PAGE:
Vain Things

“Thou shalt not take the name of the Lord thy God in vain.”1 It sounds more demanding written in the King James Version, doesn’t it? But what does it mean, this third commandment that we have conveniently overlooked and almost completely eliminated from our minds? The first response would probably be not to use God’s name as a curse—which certainly is a good rule of thumb. But we live in a culture where curses and vulgar language are quite acceptable. This is one area where believers should stand out. The New Testament is filled with messages regarding how we should speak. My favorite is probably “Let no corrupting talk come out of your mouths.”2 Many believers feel quite pious regarding this command thinking they have it conquered. Even if that is true (which I seriously doubt), to wave the third commandment in the face of people who curse would be rather ineffectual. And unkind. And unhelpful.

            So, how do we handle the third commandment? Does the concept of taking God’s name in vain only apply to cursing?  Absolutely not! “Vain” is a multi-faceted word. In this context, we can break it down to mean having no real value. Therefore, to take God’s name in vain would be to believe that the name of God has no worth, that it is of no use, and it has no power.

            If that definition is true, then most of us who call ourselves believers break this commandment frequently! We break it every time we question God’s omnipotence—when we question if God is really at work in us, when we give up on God and our purpose and our prayers and our efforts and ourselves because we have concluded everything we do really is in vain. When we reach this depressing point, we are, in effect, saying that who God is does not matter and has no effect on our lives.

            To “take the name of the Lord thy God in vain,” is to agree with Solomon who exclaimed, “I have seen everything that is done under the sun, and behold, all is vanity and a striving after wind.”3  It is to believe that the name of God means nothing and to strive after him is futile and even a bit ridiculous. This is where many nonbelievers “live.” And, sadly, it is a place where many believers “visit.” A lot.

            To treat the third command lightly is to almost ensure that we will break it, and, at times, decide our lives are pointless, futile, and in vain because to call upon God’s name is pointless, futile, and in vain. But David wrote, “Our help is in the name of the Lord, who made heaven and earth.”4  And Paul proclaimed, “Everyone who calls on the name of the Lord will be saved.”5  So, the name of the Lord has real value after all!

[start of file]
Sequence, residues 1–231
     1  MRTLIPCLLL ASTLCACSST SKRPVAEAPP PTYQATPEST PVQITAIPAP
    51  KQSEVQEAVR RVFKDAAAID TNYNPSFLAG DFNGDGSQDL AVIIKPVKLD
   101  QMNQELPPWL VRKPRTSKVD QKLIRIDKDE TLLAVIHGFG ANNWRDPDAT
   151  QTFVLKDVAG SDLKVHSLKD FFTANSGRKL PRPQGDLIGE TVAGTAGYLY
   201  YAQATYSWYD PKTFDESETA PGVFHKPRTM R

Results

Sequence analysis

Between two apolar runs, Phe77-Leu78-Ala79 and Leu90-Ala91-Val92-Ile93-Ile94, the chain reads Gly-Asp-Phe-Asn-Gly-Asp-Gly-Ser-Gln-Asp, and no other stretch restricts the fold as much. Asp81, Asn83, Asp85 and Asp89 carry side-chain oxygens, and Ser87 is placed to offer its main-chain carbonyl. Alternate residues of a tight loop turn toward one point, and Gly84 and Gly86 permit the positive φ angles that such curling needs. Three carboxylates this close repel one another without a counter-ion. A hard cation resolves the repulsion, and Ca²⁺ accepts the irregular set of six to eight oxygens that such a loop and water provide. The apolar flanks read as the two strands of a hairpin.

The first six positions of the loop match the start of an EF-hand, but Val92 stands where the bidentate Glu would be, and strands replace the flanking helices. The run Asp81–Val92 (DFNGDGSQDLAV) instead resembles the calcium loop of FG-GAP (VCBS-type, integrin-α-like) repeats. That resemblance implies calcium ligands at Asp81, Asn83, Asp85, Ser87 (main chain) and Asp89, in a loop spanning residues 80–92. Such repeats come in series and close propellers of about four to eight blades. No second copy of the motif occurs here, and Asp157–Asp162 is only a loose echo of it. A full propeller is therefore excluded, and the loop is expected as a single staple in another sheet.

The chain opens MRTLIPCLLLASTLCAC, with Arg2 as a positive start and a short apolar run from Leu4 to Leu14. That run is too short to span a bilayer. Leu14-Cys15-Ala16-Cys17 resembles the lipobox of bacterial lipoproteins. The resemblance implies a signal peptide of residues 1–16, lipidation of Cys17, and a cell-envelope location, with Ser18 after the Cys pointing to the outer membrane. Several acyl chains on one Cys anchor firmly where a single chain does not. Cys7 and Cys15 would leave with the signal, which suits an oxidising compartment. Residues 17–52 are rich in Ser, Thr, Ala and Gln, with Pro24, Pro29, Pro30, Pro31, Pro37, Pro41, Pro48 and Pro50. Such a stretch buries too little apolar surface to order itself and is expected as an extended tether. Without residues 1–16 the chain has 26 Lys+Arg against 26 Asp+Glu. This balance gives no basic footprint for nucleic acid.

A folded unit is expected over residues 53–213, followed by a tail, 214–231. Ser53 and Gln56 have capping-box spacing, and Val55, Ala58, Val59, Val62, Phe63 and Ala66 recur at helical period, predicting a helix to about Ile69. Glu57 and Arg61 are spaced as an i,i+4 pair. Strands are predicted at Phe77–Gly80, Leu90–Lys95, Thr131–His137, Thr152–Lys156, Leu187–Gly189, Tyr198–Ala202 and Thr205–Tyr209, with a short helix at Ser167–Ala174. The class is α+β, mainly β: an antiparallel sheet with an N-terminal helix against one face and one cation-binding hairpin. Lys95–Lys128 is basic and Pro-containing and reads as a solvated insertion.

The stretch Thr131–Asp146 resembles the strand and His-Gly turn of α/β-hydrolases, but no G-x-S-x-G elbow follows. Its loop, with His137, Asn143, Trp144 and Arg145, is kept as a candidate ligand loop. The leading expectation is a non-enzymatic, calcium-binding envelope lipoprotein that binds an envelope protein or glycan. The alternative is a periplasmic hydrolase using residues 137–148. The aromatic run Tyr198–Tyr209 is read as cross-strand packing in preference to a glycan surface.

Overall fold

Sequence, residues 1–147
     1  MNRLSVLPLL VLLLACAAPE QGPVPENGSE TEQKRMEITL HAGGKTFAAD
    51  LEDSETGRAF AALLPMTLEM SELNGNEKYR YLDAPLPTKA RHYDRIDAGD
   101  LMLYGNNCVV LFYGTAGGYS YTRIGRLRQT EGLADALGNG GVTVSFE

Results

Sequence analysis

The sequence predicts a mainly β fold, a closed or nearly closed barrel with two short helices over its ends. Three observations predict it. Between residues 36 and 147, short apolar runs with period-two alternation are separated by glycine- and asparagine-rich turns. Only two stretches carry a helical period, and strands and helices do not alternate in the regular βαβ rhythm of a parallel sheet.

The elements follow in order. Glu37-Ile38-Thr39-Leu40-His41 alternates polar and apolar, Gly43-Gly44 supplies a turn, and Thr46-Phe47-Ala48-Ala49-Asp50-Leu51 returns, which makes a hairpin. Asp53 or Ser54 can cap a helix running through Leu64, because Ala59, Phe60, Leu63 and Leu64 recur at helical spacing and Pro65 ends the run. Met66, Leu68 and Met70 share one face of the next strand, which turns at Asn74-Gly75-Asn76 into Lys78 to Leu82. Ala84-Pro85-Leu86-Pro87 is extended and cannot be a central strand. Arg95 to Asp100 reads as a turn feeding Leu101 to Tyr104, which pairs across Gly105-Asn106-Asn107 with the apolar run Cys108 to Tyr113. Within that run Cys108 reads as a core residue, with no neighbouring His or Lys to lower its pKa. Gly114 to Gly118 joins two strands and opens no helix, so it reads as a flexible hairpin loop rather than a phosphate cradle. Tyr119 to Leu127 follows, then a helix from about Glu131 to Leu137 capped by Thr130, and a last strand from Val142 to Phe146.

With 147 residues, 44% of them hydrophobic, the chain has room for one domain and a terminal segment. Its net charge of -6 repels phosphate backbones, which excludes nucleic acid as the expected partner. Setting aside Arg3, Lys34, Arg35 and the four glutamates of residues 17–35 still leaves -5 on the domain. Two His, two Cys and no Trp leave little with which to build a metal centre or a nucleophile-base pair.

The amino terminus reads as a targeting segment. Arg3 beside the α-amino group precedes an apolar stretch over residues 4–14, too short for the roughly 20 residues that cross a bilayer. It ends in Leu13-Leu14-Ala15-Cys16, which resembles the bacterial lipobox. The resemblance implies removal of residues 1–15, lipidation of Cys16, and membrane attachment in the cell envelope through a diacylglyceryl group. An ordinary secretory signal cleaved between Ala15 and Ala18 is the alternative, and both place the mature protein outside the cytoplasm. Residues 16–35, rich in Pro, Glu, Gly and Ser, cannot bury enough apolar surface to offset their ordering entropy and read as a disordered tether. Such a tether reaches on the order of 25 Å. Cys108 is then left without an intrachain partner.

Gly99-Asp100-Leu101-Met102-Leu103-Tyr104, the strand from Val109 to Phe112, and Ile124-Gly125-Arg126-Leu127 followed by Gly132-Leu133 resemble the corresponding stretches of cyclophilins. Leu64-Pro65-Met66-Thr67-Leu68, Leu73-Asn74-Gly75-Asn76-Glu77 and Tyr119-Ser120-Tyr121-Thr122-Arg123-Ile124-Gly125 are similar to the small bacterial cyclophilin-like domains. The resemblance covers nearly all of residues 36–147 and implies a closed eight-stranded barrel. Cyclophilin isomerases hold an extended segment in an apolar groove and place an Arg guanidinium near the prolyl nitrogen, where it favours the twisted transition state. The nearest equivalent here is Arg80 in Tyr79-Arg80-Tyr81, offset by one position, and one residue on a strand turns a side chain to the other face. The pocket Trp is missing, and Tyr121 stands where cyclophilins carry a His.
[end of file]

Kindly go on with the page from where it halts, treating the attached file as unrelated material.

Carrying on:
Although those facts are absolutely wonderful and essential, they are actually the elementary facts about God. There is so much more to embrace when it comes to not taking God’s name in vain. During difficult times in our lives, when God seems absent or cruel, it is tempting to believe that God’s name means nothing, and his power is far removed from us. And we will be tempted to curse God—quietly in our hearts, visibly in our countenance, and audibly in our words. We often walk away from our faith temporarily, and many walk away permanently. It happens subtly. In our despair, we find ourselves no longer honoring God for we believe it is futile to do so, thereby taking the name of God in vain! Paul writes, “For although they knew God, they did not honor him as God or give thanks to him, but they became futile in their thinking, and their foolish hearts were darkened.”6

            When our thinking is darkened by futile thoughts, we tend to give up. We find ourselves believing the lie that God does not care for us, that living for him is in vain, and that “all is vanity and a striving after wind.” At that point, what are we to do? Can our hearts ever be light again? Is it possible to return to God in faith? Is it possible to believe that God’s love for us and our love for him is not in vain? Yes. Picture the prodigal son returning to his father. “But while he was still a long way off, his father saw him and felt compassion, and ran and embraced him and kissed him.”7

            Some seasons of our lives are wanderings, with futile thoughts and time spent in vain. But God, with arms outstretched, waits patiently for us to return. As we learn to trust that God’s name is powerful and his love is unending, we will also learn how to “not take the name of the Lord thy God in vain.”

            And we can say with Paul, “His grace towards me was not in vain.”8

1Deuteronomy 5:11     2Ephesians 4:29    3Ecclesiastes 1:14    4Psalm 124:8    5Romans 10:13   6Romans 1:21    7Luke 15:20   81 Corinthians 15:10




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